This summer Hachette, Penguin and Simon & Schuster are launching Bookish, a website that aims to "provide readers--from the most casual to the most dedicated--with a personalized experience connecting them with their favorite authors and books through original editorial features, unique tools and more."
Bookish said it will be editorially independent and offer "great content about books and authors from a variety of publishers." Users will be able to buy print and digital books directly or through retailers. Bookish said it is "dedicated to working closely with book retailers, and in the coming weeks will reach out to explore ways to complement the retailers' efforts and enhance all reader experiences."
The AOL Huffington Post Media Group is partnering with the three publishers on the project both to use its content on its sites and to help sell ads. Paulo Lemgruber, who formerly developed and ran digital businesses at Comcast and Reed Elsevier, is the CEO. Charlie Rogers, formerly editor-in-chief of digital media at NBC Universe, is editor-in-chief. Rogers earlier worked at Martha Stewart Living Omnimedia and the Paris Review.
David Shanks, CEO of Penguin Group, told the New York Times: "We thought it would be really good if we could come up with a site that embraced all the amazing marketing materials that publishers have been doing on their own sites and put them together on one site, with the purpose of answering the question for the consumer, 'Which book should I read next?' " Readers will also be able to recommend books to each other.
Lemgruber said Bookish will work with "the entire publishing and bookselling community to make Bookish an exciting destination that will delight readers." According to the Times, the three publishers will finance Bookish until it becomes profitable.
One bitish of confusion already: Booki.sh is an Australian site affiliated with ebooks.readings.com.au, the main digital site of the Melbourne, Australia, bookseller, that connects publishers with independent booksellers and is a personal library application.
Less than 24 hours after Amazon.com filed
a lawsuit against the National Association of College Stores declaring its
advertising is true and not misleading, the National Advertising Division of the
Better Business Bureau dismissed a NACS complaint about Amazon advertising that
had precipitated the lawsuit (Shelf Awareness, May 5, 2011).
The decision by the National Advertising
Division came because of the lawsuit, filed by Amazon in its hometown of
Seattle. According to NACS's Campus Marketplace, the dismissal letter to the
association said that the inquiry was closed because "the challenged
claims are now the subject of pending litigation."
NACS general counsel Mark Fleischaker said
that Amazon's suit was "simply an effort by Amazon to move to a more
friendly forum for a review of its advertising."
Amazon's move also has raised the stakes
concerning Amazon's advertising. (NACS has objected to Amazon's assertion that students
can save up to 30% on new textbooks and up to 90% on used textbooks.) The Better
Business Bureau's review would have been confidential until a decision was made
and would have had no enforcement provision. The Amazon suit also seeks a judgment
that Amazon is not in violation of the Lanham Act, which prohibits trademark infringement,
trademark dilution and false advertising.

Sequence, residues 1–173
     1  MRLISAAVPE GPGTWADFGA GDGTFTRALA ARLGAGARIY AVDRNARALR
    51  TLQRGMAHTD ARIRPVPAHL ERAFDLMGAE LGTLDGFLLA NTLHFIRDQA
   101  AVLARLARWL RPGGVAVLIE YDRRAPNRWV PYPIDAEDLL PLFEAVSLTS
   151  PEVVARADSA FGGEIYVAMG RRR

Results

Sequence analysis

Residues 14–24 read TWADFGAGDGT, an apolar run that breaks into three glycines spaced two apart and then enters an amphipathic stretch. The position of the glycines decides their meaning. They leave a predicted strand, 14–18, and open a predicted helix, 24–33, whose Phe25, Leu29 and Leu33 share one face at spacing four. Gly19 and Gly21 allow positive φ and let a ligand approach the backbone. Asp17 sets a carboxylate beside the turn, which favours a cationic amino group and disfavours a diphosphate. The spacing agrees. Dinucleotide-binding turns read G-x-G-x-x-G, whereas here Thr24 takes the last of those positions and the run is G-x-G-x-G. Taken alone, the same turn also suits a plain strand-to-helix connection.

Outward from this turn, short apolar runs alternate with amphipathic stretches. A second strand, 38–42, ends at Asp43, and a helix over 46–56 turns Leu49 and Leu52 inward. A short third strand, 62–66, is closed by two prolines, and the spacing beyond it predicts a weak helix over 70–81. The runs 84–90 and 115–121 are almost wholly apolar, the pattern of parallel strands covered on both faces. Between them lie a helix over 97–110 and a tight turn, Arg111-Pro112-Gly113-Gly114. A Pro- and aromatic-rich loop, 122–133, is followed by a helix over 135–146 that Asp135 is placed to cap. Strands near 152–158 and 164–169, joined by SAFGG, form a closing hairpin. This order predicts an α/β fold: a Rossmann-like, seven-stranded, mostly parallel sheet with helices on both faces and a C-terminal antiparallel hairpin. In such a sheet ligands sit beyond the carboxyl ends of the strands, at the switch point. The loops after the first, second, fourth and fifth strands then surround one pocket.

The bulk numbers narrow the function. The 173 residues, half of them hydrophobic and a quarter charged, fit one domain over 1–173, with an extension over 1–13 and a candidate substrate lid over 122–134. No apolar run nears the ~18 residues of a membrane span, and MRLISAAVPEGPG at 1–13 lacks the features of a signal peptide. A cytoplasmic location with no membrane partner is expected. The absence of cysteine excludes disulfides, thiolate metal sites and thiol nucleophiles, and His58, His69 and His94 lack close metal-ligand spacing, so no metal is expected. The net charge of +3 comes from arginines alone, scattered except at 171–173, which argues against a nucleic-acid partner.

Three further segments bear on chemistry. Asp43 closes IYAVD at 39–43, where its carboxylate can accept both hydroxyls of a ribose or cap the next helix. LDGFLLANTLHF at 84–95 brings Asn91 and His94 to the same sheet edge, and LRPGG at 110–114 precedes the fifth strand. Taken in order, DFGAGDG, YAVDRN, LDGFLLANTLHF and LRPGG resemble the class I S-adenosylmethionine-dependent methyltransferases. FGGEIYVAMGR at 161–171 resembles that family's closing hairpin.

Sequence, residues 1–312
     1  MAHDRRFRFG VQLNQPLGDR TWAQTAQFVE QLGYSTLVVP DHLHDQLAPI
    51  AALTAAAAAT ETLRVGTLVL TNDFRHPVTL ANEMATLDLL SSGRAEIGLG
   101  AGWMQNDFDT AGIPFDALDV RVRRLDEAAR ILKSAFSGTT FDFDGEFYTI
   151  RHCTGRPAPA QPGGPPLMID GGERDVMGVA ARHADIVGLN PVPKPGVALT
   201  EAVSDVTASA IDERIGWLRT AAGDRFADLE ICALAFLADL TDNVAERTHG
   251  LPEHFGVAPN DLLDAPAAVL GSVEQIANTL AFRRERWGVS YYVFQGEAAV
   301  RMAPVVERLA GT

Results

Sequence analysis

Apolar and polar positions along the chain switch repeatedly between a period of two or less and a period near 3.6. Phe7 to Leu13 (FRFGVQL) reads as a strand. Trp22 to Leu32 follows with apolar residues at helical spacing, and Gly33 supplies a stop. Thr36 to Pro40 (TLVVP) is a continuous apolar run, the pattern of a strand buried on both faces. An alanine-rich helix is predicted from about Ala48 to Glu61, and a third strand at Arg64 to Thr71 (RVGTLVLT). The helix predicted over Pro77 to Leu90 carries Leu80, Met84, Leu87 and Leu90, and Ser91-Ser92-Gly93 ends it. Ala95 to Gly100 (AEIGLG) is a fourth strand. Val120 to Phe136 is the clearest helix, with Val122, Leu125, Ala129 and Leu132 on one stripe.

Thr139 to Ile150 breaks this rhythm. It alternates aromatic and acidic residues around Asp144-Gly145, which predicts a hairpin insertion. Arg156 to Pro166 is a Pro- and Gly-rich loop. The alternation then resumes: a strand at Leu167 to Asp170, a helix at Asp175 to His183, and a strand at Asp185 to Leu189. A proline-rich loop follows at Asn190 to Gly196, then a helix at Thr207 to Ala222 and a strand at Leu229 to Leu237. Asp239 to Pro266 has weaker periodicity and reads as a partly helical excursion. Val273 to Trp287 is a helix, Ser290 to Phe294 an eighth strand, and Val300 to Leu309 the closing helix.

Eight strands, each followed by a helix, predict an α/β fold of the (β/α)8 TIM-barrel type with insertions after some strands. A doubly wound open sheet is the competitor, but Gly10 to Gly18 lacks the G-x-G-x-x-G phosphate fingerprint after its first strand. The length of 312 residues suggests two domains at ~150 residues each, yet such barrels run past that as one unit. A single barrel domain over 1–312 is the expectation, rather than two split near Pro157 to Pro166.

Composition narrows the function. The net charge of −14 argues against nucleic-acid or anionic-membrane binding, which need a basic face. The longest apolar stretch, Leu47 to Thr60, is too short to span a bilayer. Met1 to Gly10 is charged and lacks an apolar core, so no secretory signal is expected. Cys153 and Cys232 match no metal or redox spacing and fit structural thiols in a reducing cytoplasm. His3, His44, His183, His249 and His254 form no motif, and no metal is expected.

Fleischaker added that NCAS plans to file "a
motion to dismiss the Amazon complaint and will decide how to proceed on the
false-advertising claims at an appropriate time. We are disappointed that NAD
decided that it could not proceed because the matter is now pending in court,
but in no way do we expect that to be the end of the story."
may "double down on its economic and political bets in Tennessee" by
building three more distribution centers in Nashville and/or Knoxville.
The Chattanooga Times Free Press
reported that an April 29 state filing indicated the company "would
invest $180 million and employ about 1,700 full-time workers and 2,000
part-time or seasonal workers within two years. That would more than
double the $139 million investment Amazon is making with distribution
centers in Hamilton and Bradley counties."
Dave Clark, v-p of
Amazon's North American operations, said the company is "looking at
expanding our commitment to Tennessee because the state is committed to
Amazon." The revelation, which comes in the wake of Amazon's recent
sales tax feuds with South Carolina and Texas, "could raise the stakes
as some top Republican legislators push to make the company collect
sales taxes on Tennessee sales," the Times Free Press wrote.
Another Time Books has opened in the ShoppingTown Mall in DeWitt, N.Y., according to the Syracuse Post-Standard.
The store sells new and used books, games and used CDs and DVDs and is owned by Andrew Corely and Bob Gray. Gray is the owner of the late Twilight Books & Games; Corely is a bookselling newbie.
Corely said that the mall managers were "fantastic. Very accommodating. This is the space we had in mind and this was the space they had in mind for us. It came together very quickly."
Yesterday's New York Times Book Review featured an essay on booksellers who write--or writers who work or worked or will work in bookstores. Among the current bookseller-writers mentioned are Emma Straub of BookCourt, Brooklyn, N.Y., Ellen Meeropol, the Odyssey Bookshop, South Hadley, Mass., Jennifer Close, Politics & Prose, Washington, D.C.; and Jami Attenburg, who works Saturdays at WORD, Brooklyn, N.Y.
Among authors who used to work in bookstores are rocker Patti Smith, who worked at Brentano's and Scribner's Bookstore in New York City; Jonathan Lathem, who worked in Moe's, Berkeley, Calif., and helped found Red Gap Books, a used bookstore in Blue Hill, Me.; and Larry McMurtry, whose huge store, Booked Up, is in Archer City, Tex.